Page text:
LW_BCH4122_Lecture7_2009Sep-1

LW_BCH4122_Lecture7_ - Lecture 7 Human Embryonic Stem Cells(hESC Lisheng WANG Department of Biochemistry Microbiology and Immunology Faculty of

Info iconThis preview shows pages 1–8. Sign up to view the full content.

View Full Document Right Arrow Icon
Lecture 7: Human Embryonic Stem Cells (hESC) Lisheng WANG Department of Biochemistry, Microbiology and Immunology, Faculty of Medicine, University of Ottawa
Background image of page 1

Info iconThis preview has intentionally blurred sections. Sign up to view the full version.

View Full DocumentRight Arrow Icon
1. Development of human embryo 2. Origin of hESCs 3. Maintenance of hESCs 4. Examination of undifferentiated hESCs 5. Differentiation of hESCs 6. Differences between human and mouse ESCs 7. Ethics of hESCs 8. Application of hESCs Human embryonic stem cells
Background image of page 2
Embryonic stem (ES) cells: milestones and achievements 1981 : The first isolation and establishment in culture of pluripotent mouse ES cells 1988: Identification of leukemia inhibitory factor (LIF) as being crucial for maintaining the pluripotency of mouse ES cells in vitro 1996: Successful somatic cell nuclear transfer (SCNT) responsible for cloning of the first mammalian species 1998: Genetic selection of pure populations of terminally differentiated cell types from mouse ES cells 1998 : The first derivation of human ES cells 2000: Generation of nuclear transfer ES cell lines by SCNT in mice 2001: The first report - genetic modification of human ES cell lines 2002: Generation of histocompatible tissues by SCNT in cattle 2002: Correction of a congenital defect in mice by combining genetic manipulation of nuclear transfer ES cell lines 2002: Treatment of an animal model of Parkinson’s disease using dopaminergic neurons differentiated from ES cells. 2007 : Induced pluripotent stem cells (iPS) from human fibroblast cells (Paul J. Fairchild 2004; Science 2007; Cell 2007)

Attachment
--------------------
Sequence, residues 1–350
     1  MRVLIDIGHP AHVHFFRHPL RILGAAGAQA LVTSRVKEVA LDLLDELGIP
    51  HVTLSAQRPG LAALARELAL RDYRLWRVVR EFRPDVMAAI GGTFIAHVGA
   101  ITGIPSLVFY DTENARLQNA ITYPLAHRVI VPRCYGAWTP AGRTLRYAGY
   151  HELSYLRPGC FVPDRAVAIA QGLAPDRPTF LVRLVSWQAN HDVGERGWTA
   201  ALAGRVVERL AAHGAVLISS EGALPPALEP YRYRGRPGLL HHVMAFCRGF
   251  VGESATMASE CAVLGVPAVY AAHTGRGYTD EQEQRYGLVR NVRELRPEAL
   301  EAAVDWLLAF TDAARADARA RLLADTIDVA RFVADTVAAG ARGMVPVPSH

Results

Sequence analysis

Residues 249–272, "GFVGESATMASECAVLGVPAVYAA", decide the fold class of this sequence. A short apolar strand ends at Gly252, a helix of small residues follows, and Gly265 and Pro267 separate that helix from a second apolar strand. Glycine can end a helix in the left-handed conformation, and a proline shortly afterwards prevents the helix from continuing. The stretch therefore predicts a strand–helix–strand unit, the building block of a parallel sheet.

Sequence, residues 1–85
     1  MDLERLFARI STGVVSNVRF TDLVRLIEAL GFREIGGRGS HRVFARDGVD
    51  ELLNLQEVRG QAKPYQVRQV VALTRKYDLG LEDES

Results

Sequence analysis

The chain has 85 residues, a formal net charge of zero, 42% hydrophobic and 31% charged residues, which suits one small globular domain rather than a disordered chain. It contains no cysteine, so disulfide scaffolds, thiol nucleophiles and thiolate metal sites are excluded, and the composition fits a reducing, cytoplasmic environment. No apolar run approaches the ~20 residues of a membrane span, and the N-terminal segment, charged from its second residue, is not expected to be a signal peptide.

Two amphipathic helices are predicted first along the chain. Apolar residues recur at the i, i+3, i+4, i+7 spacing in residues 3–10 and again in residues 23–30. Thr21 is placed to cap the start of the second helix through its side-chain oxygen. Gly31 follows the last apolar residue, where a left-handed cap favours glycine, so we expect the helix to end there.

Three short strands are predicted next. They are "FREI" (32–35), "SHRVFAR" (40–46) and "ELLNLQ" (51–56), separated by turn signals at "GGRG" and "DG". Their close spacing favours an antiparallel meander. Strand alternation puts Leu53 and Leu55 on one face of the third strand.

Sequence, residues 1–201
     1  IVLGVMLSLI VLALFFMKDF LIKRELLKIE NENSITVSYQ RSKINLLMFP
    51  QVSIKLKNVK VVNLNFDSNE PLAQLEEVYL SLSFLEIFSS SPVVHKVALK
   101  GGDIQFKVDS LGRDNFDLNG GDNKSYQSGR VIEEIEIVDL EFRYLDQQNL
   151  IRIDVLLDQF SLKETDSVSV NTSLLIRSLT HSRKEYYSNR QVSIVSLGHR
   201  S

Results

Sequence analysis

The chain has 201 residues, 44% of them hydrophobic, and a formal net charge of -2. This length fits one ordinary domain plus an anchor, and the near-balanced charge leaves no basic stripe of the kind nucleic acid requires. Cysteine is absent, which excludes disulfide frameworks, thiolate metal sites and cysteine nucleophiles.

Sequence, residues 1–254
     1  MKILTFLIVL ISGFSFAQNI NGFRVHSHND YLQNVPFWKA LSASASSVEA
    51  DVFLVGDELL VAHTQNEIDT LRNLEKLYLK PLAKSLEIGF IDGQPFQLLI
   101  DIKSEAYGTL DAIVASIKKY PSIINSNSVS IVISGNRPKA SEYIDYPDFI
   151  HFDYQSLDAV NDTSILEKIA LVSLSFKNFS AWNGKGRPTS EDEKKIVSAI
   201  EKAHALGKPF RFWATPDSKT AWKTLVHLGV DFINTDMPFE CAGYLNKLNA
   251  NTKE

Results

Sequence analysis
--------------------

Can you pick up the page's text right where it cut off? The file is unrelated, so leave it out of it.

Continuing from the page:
Background image of page 3

Info iconThis preview has intentionally blurred sections. Sign up to view the full version.

View Full DocumentRight Arrow Icon
1. Early development of human embryo -From oocyte to three germ layers Blastocyst Endoderm (Internal layer) Mesoderm (middle layer) Ectoderm (external layer)
Background image of page 4
Ectoderm Central nervous system Peripheral nervous system Sensory epithelia of the eye, ear, and nose Mammary glands Pituitary gland Subcutaneous glands Enamel of teeth Endoderm Liver Pancreas Thymus Thyroid Parathyroid glands Epithelial lining of the gastrointestinal and respiratory tracts Epithelial lining of the tympanic cavity Epithelial lining of the urinary bladder and most of the urethra Pharyngotympanic or auditory tube Tonsils Tympanic antrum Blood Bone Cartilage Heart Blood vessels Striated and smooth muscles Lymphatic vessels Spleen Membranes of the body cavities (pericardium, pleura and peritoneum) Kidneys Genital ducts Ovaries Testis Connective tissue Cortex of the adrenal glands Mesoderm 1. Early development of human embryo - Tissues derived from three germ layers
Background image of page 5

Info iconThis preview has intentionally blurred sections. Sign up to view the full version.

View Full DocumentRight Arrow Icon
A 1. Origin of human embryonic stem cells - Generation of hESCs by Immunosurgery Complement 1. Anti-human serum antibody Blastocyst 3. Physical plucking 2. Laser cut
Background image of page 6
Pluripotent human embryonic stem cells (hESC) Ectoderm • Skin • Brain Digestive tube • Thyroid cell • Lung Embryoid body (EB) Endoderm 1. Origin of human embryonic stem cells
Background image of page 7

Info iconThis preview has intentionally blurred sections. Sign up to view the full version.

View Full DocumentRight Arrow Icon
Image of page 8
This is the end of the preview. Sign up to access the rest of the document.

This note was uploaded on 12/11/2009 for the course BCH bch4122 taught by Professor Wang during the Spring '09 term at University of Ottawa.

Page1 / 33

LW_BCH4122_Lecture7_ - Lecture 7 Human Embryonic Stem Cells(hESC Lisheng WANG Department of Biochemistry Microbiology and Immunology Faculty of

This preview shows document pages 1 - 8. Sign up to view the full document.

View Full Document Right Arrow Icon
Ask a homework question - tutors are online